Scottie Scheffler benched the putter he won 4 times with on PGA Tour, and then he shot 62 with it at Mayakoba
Scottie Scheffler celebrates with Matt Kuchar after making an eagle on the third hole during the final round of the World Wide Technology Championship.
Imagine winning four events on the PGA Tour in a single year and ditching the putter that you used in all of those victories. There are guys who would go the grave holding that flat stick.
Not Scottie Scheffler.
On Sunday in the World Wide Technology Championship in Mexico, Scheffler scorched Mayakoba for a nine-under-par 62, and then said afterward that he went back to his old putter on the weekend—the one he used for four tour victories this past season, including the Masters.
“It never goes too far away,” Scheffler told reporters with a grin.
The putter is a Scotty Cameron Special Select Timeless Tourtype GSS Prototype. On Sunday, Scheffler, who hit 16 of 18 greens in regulation, only needed to use it 25 times. The stat was boosted because he holed out a 108-yard approach for eagle on the par-4 third.
“Yeah, I went back to my old putter for the round [Saturday, in which he shot 68],” Scheffler said. “I think when I see so many putts go up to the cup and not go in, it was like, well, maybe I'll just make a change and see what happens. This is the time of year when I'll usually experiment with stuff. It's probably something I'll continue to fiddle around with, but I went back to something I'm really comfortable with and I putted well the last two days.”
Mind you, Scheffler shot 65 with the other putter in the opening round, so it’s not like he couldn’t find the sweet spot with it. But that’s how talented he is—that he can switch putters mid-tournament and have the “backup” catch fire.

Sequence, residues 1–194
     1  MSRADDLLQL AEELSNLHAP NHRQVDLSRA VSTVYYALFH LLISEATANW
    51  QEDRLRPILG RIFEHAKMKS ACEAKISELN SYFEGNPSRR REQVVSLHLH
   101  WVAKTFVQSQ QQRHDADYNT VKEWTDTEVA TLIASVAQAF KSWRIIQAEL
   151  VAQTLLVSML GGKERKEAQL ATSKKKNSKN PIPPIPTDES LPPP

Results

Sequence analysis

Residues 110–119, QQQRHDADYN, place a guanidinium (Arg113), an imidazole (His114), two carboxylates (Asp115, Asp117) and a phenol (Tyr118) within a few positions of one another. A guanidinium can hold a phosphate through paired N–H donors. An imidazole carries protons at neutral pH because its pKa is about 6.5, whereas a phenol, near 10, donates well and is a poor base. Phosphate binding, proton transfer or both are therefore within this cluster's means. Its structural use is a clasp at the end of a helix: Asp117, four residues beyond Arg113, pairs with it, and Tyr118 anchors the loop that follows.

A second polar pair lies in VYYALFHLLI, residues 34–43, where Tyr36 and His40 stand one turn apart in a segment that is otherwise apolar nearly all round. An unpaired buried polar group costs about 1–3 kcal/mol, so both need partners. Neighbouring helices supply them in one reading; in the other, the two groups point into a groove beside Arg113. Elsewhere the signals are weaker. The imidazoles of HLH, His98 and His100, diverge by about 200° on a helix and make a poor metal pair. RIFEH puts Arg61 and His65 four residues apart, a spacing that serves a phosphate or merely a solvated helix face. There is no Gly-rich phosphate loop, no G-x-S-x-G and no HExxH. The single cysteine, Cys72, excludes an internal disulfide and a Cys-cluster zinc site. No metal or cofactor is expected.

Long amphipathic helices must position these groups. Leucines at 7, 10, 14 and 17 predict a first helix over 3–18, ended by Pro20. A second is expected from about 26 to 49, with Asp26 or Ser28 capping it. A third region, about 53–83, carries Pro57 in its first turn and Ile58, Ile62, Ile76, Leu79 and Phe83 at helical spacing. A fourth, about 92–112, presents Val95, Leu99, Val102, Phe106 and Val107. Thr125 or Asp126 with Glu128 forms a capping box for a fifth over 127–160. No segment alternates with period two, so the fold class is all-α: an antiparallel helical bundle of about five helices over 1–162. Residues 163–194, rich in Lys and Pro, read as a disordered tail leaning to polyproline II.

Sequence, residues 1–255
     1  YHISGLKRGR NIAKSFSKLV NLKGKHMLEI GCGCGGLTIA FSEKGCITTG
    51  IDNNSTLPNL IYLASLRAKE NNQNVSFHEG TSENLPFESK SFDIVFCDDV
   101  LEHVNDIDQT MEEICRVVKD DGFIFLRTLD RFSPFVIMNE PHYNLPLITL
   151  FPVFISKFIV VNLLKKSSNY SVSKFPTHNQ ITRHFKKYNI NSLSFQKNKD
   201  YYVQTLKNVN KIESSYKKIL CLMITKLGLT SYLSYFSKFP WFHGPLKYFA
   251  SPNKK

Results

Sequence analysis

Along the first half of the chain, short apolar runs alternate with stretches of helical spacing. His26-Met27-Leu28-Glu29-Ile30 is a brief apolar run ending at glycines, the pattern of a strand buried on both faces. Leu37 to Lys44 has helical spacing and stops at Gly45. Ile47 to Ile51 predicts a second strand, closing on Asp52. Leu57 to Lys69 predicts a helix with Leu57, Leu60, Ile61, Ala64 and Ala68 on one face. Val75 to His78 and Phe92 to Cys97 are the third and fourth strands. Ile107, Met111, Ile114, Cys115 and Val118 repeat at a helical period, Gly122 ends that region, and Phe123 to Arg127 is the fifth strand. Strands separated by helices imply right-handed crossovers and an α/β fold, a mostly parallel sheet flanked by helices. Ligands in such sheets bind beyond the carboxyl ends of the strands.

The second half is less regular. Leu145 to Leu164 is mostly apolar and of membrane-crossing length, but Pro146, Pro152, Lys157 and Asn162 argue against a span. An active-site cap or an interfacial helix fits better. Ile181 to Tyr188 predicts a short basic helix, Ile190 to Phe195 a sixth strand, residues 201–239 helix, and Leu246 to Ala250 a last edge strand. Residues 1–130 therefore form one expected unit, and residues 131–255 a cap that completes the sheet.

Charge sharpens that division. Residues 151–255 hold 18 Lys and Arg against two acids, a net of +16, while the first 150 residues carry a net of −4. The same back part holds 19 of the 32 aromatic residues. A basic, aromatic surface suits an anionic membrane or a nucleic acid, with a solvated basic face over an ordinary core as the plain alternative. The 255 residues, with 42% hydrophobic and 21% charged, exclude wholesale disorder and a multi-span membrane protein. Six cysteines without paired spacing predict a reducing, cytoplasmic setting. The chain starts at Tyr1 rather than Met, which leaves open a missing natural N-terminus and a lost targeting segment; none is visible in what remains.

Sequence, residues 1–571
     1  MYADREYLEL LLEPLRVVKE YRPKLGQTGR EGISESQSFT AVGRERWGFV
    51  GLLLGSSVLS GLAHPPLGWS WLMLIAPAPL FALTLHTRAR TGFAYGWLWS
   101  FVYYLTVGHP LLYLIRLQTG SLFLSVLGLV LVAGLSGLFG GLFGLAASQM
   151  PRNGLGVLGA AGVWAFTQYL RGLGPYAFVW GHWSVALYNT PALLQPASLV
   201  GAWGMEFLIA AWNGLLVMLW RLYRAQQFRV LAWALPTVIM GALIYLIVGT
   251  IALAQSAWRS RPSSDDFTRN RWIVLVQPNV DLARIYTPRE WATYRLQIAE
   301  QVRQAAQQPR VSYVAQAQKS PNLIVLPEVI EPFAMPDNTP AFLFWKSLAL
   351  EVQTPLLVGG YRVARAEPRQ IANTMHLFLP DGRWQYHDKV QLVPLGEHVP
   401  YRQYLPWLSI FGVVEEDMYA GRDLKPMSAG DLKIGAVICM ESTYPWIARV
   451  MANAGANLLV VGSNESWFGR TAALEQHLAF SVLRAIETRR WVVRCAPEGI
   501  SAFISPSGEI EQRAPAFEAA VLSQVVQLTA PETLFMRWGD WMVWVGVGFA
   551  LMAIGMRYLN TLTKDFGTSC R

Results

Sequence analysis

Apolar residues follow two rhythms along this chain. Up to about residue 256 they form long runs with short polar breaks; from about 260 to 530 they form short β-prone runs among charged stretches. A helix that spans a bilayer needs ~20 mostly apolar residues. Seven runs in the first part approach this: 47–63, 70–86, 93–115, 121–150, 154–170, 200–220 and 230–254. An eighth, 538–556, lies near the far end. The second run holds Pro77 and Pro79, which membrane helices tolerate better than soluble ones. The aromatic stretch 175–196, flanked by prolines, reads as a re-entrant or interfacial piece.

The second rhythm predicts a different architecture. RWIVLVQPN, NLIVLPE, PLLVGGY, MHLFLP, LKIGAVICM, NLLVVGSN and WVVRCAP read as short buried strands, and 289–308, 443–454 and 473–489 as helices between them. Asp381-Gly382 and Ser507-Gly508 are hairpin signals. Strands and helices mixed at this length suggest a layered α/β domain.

Scheffler’s strong round vaulted him 32 spots into a tie for third place at 18 under while the bulk of the leaders played out the final round. He was six shots back of leader Russell Henley.
“I actually played really good yesterday,” he said. “I had a few bad breaks with mud balls, that probably cost me three shots during the round and definitely a lot of momentum. Today I got off to a good start, actually had a hole-out on No. 3 and just kind of got things rolling and played a good, solid round of golf.”
The hole-out was a strange one. Just like Greyson Sigg’s ace on Saturday that drew no cheers, Scheffler didn’t know his ball got into the hole at No. 3 because he couldn’t see the bottom of the flagstick. “We couldn't really see, couldn't really hear anything, nobody was clapping or nothing,” Scheffler said. “So when I got up there, I was like, oh, man, it must have spun off the green. Then I checked the cup and it was in.”
Relatable—for almost none of us.
Scheffler's last “official” start of the calendar year will be at next week’s Cadence Bank Houston Open. In his only other start in the wraparound season, he tied for 35th in the CJ Cup.